Kyle Rittenhouse Is Destroying Rifle Used in Kenosha Shooting

After his recent acquittal on multiple homicide charges, Kyle Rittenhouse decided the firearm he used in the August 2020 shootings in Kenosha, Wisconsin, had to be destroyed.

Rittenhouse was charged with five felonies, including two counts of homicide and one count of attempted homicide, after fatally shooting two people and wounding a third during protests in Kenosha following the shooting of Jacob Blake, a Black man. He was facing the possibility of decades in prison, but a jury found him not guilty of all charges on November 19 after a contentious trial.

In a new interview with Charlie Kirk on his podcast The Charlie Kirk Show, conducted with Jack Posobiec, a senior editor at the Human Events website, Rittenhouse, 18, confirmed that he was having the gun destroyed.

During the trial, Assistant District Attorney Thomas Binger held the firearm used in the shootings up to his shoulder in a courtroom demonstration. During the interview with Kirk, Rittenhouse criticized Binger for putting his finger on the trigger while holding the rifle, saying the demonstration wasn't "Gun Safety 101."

He said that the weapon is being "destroyed right now," adding, "We don't want anything to do with that."

Rittenhouse, who was 17 at the time of the shootings, traveled from his home in Antioch, Illinois, to Kenosha, about 15 miles away. He was accused of being a vigilante who came to Kenosha to cause trouble during the protests, but he said he was trying to help protect businesses and brought a first aid kit to help treat people who might have been wounded.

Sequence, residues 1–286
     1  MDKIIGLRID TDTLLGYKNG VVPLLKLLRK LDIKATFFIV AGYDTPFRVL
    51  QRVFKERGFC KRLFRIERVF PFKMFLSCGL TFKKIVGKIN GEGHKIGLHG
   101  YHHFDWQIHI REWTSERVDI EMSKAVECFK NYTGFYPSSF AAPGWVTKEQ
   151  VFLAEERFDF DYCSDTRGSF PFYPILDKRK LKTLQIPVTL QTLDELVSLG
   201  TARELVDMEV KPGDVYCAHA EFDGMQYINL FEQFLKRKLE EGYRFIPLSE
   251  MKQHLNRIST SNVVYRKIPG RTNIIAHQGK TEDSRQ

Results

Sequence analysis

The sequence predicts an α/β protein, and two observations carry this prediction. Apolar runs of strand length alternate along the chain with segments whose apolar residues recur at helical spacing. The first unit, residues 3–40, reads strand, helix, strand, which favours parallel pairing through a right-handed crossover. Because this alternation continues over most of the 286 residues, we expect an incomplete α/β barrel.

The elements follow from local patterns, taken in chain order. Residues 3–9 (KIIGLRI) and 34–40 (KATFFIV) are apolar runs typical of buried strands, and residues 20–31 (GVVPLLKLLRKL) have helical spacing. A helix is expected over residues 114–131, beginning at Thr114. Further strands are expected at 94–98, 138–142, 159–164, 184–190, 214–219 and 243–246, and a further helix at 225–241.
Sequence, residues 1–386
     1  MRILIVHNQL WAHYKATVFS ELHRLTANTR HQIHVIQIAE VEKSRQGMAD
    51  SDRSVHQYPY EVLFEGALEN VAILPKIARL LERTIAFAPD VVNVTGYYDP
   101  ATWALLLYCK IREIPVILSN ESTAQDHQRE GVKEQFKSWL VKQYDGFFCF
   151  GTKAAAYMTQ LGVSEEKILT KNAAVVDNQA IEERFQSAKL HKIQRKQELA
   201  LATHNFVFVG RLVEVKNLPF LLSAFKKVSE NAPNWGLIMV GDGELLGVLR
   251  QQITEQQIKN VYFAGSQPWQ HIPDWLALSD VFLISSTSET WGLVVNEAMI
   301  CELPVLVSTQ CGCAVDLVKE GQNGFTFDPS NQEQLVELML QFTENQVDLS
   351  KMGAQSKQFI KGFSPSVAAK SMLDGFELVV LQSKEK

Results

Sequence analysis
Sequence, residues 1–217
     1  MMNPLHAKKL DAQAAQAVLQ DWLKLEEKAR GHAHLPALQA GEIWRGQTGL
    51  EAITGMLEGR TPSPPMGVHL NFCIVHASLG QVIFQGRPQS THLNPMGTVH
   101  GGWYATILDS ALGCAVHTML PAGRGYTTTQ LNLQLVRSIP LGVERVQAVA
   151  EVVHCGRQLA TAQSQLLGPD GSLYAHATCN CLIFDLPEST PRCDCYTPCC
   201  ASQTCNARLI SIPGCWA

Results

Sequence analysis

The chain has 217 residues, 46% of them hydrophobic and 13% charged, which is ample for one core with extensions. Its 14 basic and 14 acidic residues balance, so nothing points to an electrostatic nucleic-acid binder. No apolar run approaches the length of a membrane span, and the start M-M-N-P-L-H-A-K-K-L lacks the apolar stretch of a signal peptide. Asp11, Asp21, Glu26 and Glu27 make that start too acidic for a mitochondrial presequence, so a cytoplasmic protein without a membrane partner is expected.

kyle rittenhouse destroying gun
Kyle Rittenhouse said on the "Charlie Kirk Show" podcast that he's destroying the firearm he used in the Kenosha, Wisconsin, shootings that brought him to trial. Above, Rittenhouse observes attorneys during the trial at the Kenosha County Courthouse on November 17. Sean Krajacic/Getty Images

Shortly before midnight, Rittenhouse fatally shot Joseph Rosenbaum, 36, and Anthony Huber, 26, and wounded Gaige Grosskreutz, 26. In successfully defending their client, Rittenhouse's attorneys argued he wasn't the aggressor and had acted in self-defense.

Rittenhouse took the stand during the trial, a move that some saw as ill-advised, but he told Kirk he had always planned to tell his side of the story. He said his lead attorney, Mark Richards, told him early on that he would have to testify and that they'd been preparing for cross-examination for more than a year by conducting mock trials.

Prosecutors in the Rittenhouse trial came under criticism for letting their case fall apart, as many thought the defense made more compelling arguments throughout the trial.

Early in the trial, Grosskreutz admitted Rittenhouse shot him after he had pointed a handgun at the 17-year-old. Ryan Balch, a prosecution witness, also testified that Rosenbaum said he intended to kill Rittenhouse.

While the trial may have kept viewers on the edge of their seats while the jury deliberated, Rittenhouse told Kirk he knew that the attorneys "didn't have a case" during the prosecution's opening statements. However, he added that despite his seemingly calm demeanor, he was "freaking out" behind the scenes during the trial.